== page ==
What It Sounds Like If You Play 100 Vinyl Copies of The White Album at Once

Slate's Culture Blog
Nov. 21 2013 4:27 PM

What It Sounds Like If You Play 100 Vinyl Copies of The White Album at Once

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The 'White Album' room at the Beatlemania exhibition in Hamburg, Germany in 2009.

Photo by Krafft Angerer/Getty Images

Back in February, the New York Times reported on “We Buy White Albums,” an art installation by Rutherford Chang. Chang collected hundreds of first-edition vinyl copies of The Beatles, aka The White Album, “some in near-mint condition, others bearing former owners’ names, psychedelic renderings of ‘The Beatles,’ colorful drawings or, in many cases, patterns created by rotting cardboard.” He then made a faux-record store consisting entirely of these LPs.

Chang told Allan Kozinn, the Times writer, that “the final element of his project will be a recording on which several hundred copies of The White Album—that is, every copy he listens to during the show—are electronically overlaid.”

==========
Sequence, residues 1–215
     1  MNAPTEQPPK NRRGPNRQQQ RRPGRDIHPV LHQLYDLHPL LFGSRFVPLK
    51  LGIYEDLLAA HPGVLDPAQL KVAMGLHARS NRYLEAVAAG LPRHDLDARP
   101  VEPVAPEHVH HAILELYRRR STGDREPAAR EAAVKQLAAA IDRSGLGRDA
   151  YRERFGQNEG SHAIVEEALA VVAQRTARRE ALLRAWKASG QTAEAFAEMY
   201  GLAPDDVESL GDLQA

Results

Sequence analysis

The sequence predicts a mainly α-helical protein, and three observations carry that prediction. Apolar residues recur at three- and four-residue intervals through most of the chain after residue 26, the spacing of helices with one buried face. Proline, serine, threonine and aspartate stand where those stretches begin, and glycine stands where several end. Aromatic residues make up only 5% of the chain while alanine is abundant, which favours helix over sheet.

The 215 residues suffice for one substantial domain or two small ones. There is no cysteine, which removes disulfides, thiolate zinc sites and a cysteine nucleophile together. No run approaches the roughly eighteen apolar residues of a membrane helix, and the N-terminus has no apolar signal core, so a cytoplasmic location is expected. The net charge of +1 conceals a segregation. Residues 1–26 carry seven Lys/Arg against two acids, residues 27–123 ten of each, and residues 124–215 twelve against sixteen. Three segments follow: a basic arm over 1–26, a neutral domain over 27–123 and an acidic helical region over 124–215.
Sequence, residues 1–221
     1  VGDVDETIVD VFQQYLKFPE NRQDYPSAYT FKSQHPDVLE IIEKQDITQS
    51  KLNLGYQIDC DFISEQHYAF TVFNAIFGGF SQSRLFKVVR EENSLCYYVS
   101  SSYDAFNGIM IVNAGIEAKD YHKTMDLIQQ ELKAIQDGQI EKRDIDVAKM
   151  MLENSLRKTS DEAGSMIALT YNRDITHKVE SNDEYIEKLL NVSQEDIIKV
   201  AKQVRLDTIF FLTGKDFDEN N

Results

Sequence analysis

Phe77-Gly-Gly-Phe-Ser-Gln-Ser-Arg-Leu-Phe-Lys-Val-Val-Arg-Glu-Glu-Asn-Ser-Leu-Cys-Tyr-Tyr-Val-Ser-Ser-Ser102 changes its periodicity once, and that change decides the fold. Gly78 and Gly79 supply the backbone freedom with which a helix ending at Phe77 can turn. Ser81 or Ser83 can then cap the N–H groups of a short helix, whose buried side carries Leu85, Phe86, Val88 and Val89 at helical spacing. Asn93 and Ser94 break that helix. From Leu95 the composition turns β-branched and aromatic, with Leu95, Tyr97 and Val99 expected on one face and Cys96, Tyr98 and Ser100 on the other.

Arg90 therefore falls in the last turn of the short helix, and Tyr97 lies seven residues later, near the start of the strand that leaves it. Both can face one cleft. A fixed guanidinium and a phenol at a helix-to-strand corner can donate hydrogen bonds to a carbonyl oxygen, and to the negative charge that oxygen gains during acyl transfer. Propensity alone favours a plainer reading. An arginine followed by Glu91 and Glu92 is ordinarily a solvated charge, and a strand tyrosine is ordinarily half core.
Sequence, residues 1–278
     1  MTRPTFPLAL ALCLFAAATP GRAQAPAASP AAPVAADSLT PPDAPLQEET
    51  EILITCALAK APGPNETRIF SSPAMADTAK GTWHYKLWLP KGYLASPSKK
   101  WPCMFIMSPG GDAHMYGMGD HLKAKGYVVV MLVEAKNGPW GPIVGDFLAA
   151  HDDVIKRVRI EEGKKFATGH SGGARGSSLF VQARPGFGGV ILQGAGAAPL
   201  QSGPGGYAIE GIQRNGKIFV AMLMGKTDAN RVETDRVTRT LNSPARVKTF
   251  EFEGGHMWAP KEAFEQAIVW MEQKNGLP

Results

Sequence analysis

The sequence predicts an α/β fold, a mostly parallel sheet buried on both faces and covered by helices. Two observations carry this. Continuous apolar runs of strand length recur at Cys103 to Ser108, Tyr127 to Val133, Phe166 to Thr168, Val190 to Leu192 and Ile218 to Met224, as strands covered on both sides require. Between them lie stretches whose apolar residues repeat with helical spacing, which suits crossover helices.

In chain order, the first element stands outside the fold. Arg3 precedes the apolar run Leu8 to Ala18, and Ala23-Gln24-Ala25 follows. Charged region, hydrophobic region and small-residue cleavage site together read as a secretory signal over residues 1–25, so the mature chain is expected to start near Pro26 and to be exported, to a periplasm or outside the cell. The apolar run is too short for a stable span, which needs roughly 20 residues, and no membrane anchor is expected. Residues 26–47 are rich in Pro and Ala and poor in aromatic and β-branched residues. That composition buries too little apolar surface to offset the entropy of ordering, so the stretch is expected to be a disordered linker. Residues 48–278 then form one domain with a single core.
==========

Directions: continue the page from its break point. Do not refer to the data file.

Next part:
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Now, in time for the 45th anniversary of the album’s release, which is tomorrow, you can listen to his creation, Side 1 x 100. As that title suggests, Chang has overlaid just 100 copies, instead of several hundred; even so, the unique ways in which each copy has aged, plus “variations in the pressings” and “natural fluctuations in the speed of Mr. Chang’s analog turntable” result in a bizarre composition that builds from the familiar to the cacophonous. “Back in the U.S.S.R.” sounds about how you remember at first, if a bit muddy. But the storm of variation builds quickly, and by the end of “Dear Prudence” it’s as though you’re swirling around with a record player in the middle of a tornado.

If you stay with it (or skip ahead), “Happiness Is a Warm Gun” peters out like the end of a rainstorm.

David Haglund is a senior editor at Slate. He runs Brow Beat, Slate's culture blog.

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